Says Tracy Ringolsby, Hall of Fame baseball writer ruminating over baseball’s long enough history of ownership troubles: “There’s been troubled ownership in baseball since at least the days of Babe Ruth, who in 1919 was sold by Boston Red Sox owner Harry Frazee to the New York Yankees for $125,000 because Frazee needed money to fund his Broadway musical No, No, Nannette.”
Say I: Aw, jeez, not this crap again.
Ringolsby, customarily one of the game’s better writers, seems blissfully unaware that the No, No, Nanette myth (notice he couldn’t even spell it right) was debunked several years ago. As a matter of fact, you don’t have go back any further than 2003 to begin discovering some of the actual facts behind the Ruth sale, even if you did know that No, No, Nanette didn’t hit Broadway running until five years after Ruth was sold to the Yankees.
In 2003, Glenn Stout published Impossible Dreams: A Red Sox Collection, a splendid anthology of journalism covering the Olde Towne Team since the formation of the American League a century earlier. Concluding the opening section, “Glory Days,” there appears a Boston Post article, by Paul H. Shannon, datelined 6 January 1920. The headline: “New York Club Gives $125,000 for Battering Babe—Biggest Price Ever Paid for Player.” Included in the article is the quote of a formal statement by Frazee in which he outlined his reasons for selling Ruth to the Yankees in the first place:
Ruth had become simply impossible, and the Boston club could no longer put up with his eccentricities. While Ruth without question is the greatest hitter that the game has ever seen, he is likewise one of the most selfish and inconsiderate men that ever wore a baseball uniform., and the baseball public, according to press reports from all over the country, are beginning to wake up to the fact.
Some people may say that the Boston club sold Babe Ruth simply because of the tremendous sum of money handed over by the New York club, but let them listen to a few facts and perhaps they will change their mind. Ruth is a wonderful box-office attraction and he drew many thousands of people to see the Sox play all over the circuit. Had he been possessed of the right disposition, had he been willing to take orders and work for the good of the club like the other men on the team I would never have dared let him go, for he has youth and strength, baseball intelligence, and was a popular idol. But lately this idol has been shattered in the public estimation because of the way in which he has refused to respect his contract and his given word. But I shall enlighten the public some more.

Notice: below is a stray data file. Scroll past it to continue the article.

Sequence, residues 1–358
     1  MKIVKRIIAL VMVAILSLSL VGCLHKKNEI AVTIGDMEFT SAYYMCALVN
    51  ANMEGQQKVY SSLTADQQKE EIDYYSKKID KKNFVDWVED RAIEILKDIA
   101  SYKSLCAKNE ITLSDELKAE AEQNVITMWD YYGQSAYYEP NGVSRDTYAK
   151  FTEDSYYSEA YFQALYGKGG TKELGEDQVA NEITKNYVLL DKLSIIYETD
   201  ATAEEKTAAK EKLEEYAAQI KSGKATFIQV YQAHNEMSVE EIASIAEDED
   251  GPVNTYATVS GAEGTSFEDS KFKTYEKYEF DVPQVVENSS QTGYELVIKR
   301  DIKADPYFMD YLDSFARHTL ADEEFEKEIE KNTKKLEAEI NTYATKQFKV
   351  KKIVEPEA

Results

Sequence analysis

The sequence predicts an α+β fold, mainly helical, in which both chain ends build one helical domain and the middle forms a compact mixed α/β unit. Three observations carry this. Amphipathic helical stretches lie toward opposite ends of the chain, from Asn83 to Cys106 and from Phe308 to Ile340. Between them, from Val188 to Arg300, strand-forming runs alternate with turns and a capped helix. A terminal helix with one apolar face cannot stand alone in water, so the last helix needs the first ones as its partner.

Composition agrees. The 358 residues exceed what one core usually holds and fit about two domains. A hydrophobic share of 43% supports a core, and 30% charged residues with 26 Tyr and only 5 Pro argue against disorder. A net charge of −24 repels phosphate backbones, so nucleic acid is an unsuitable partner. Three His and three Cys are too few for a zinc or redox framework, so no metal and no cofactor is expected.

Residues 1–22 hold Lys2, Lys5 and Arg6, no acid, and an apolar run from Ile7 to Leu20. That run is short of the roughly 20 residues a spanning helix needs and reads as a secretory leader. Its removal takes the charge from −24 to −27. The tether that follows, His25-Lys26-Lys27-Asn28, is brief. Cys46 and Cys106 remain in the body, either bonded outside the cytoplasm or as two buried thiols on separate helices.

Twice within the past two seasons Babe has jumped the club and revolted. He refused to obey the orders of the manager and he finally became so arrogant that discipline in his case was ruined.
. . . He left us in the lurch many times and just because of his abnormal swatting powers and the fact that he had been given such tremendous advertising by the newspapers he obeyed none but his own sweet will. At the end you could not talk to him . . . Fans, attracted by the fame of his hitting, went out to Fenway Park unmindful of the steady work of (Stuffy) McInnis, (Harry) Hooper, (Wally) Schang, (Everett) Scott and others who were playing the same steady and brilliant ball, oftentimes handicapped by injuries that should rightfully have kept them out of the lineup. There was no longer any interest in the pennant race. And these same faithful, loyal players really felt it . . .
. . . How many games can you point out that he won single-handed and unaided last season? He won some, I will admit, but many a time it has been some other player on the team that contributed the deciding smash. Only Babe’s long hit always got the credit. We finished in sixth place in spite of Babe and his 29 home runs. This will bring out, I think, very clearly the fact that one star on a team doesn’t make a winning ball club. Cleveland had the great (Nap) Lajoie for years and couldn’t win, Detroit has its Ty Cobb and Boston had its Ruth. A team of players working harmoniously together is always to be preferred to that possessing one star who hugs the limelight to himself . . .
. . . Harmony had departed when Ruth began to swell and I doubt if we could have kept out of the second division this year with Ruth in the lineup. After all, the baseball fans pay to see games won and championships achieved. They soon tire of circus attractions. And this is just what Ruth has become.